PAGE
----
The book that all the WPF students were to read for June's Residency was Neil Gaiman's 1-grimace short novel, The Ocean at the End of the Lane
. Since Gaiman is one of those authors I try to keep up with, I decided to get it, read it, and possibly use it to illustrate elements of my lectures.
I'm glad I made that choice, because it proved useful for all three of the modules I taught in June. The book is "minor character, first person POV," and therefore gave me something other than John Watson and Sherlock Holmes to talk about when that came up.
I'm happy to recommend reading this novel, but it does have a flaw, and that proved very helpful in teaching students about the structure and strategy of a novel. The problem arises because the narrator is not the protagonist of the novel, but for most of the first half, at least, of the book, the reader is trying to make him fit that role. He fits it badly, being young, clueless, and faced with unimaginable weirdness. He is not the hero of his own story, mostly, and that makes him irritating. I couldn't even tell what the story was "about" at the 60% mark, and I made a note to tell the students that Mr. Gaiman would not have sold this book if it were his first, because no-one would read far enough to find its real strengths. What you get most of the time is atmosphere, and hints of big stuff going on behind the scenes.
This point was made for me when I taught a class of our second-year students the first afternoon after they had their sessions discussing the common reading. I asked them who the protagonist was. They didn't know, or named (I should say "tried to name," since the narrator isn't really named) the narrator. I'll give a spoiler, since it might help future readers: Lettie is the protagonist.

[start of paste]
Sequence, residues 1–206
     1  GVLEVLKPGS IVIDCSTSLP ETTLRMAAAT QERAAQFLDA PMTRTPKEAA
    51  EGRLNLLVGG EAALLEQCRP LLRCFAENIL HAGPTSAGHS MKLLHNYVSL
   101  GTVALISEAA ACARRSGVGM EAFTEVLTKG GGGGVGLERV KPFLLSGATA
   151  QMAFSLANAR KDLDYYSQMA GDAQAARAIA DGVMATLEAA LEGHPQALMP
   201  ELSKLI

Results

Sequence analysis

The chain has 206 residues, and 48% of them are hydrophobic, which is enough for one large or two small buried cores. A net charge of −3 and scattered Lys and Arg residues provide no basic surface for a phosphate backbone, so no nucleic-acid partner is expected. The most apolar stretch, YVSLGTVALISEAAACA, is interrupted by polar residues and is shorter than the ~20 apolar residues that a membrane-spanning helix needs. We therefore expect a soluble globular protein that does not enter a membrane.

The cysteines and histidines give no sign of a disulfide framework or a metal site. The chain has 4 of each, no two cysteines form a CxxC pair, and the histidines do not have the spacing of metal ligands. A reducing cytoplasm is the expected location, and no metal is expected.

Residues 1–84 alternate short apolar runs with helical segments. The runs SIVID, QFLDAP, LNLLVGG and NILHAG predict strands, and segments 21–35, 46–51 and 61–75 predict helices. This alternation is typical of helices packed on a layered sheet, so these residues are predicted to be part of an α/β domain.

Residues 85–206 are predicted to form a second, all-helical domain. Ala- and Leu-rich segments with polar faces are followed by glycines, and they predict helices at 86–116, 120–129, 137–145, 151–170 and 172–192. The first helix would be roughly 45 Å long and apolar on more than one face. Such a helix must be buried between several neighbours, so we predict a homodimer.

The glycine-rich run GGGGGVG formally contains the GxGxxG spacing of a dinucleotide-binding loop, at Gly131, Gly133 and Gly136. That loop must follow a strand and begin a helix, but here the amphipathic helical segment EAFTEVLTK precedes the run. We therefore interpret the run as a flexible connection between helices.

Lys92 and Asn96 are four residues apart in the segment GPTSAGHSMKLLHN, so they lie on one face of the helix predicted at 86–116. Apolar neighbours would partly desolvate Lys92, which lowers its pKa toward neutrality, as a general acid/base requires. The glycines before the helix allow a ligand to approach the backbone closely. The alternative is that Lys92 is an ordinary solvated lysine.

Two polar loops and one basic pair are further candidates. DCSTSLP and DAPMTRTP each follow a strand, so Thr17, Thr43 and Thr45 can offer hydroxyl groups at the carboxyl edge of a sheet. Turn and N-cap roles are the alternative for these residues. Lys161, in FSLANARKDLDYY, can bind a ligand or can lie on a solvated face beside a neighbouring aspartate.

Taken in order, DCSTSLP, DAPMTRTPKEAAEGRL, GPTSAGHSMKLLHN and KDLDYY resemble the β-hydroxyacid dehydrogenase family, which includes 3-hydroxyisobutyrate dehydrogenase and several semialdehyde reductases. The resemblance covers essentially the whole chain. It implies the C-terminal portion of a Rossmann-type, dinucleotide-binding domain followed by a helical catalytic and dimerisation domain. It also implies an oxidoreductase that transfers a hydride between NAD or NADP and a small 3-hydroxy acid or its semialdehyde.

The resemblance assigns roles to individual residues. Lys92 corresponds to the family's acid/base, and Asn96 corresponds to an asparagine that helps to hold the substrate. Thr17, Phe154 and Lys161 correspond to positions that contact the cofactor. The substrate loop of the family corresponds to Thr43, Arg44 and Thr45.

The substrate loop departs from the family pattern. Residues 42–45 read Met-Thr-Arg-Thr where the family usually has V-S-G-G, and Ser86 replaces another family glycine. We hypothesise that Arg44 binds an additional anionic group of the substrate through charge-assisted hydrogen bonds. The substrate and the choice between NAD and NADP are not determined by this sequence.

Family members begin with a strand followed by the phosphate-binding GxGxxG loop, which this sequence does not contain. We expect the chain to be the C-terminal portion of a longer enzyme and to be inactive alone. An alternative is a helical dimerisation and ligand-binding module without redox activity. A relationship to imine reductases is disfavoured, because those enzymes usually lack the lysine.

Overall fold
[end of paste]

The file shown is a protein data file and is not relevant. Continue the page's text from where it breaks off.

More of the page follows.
So a roomful of journeyman writers, many of whom had finished reading the book, were unable to identify the protagonist. Which means they didn't know what the book was about, or who they were to be rooting for, or against. Yep, that's a problem.
On page 170 there's a paragraph where the author tips his hand, and makes it clear that the narrator isn't the protagonist, and that the protagonist isn't a person. (Lettie is a god, to be blunt. She's does the work, she pays the price.)
So, this is the kind of book you can get away with if you've earned the readers' trust. I might have stalled in the middle, even though the book is short, were Gaiman not one of my favorite authors. And it paid off in a story that I admire, and that sticks with me.
For those in the trade, there's a kind of writer's joke in the premise of the book. Instead of a "Save the Cat" moment at the beginning, it's a "Kill the Cat" event instead. Killing the cat turns out to be a really, really bad thing.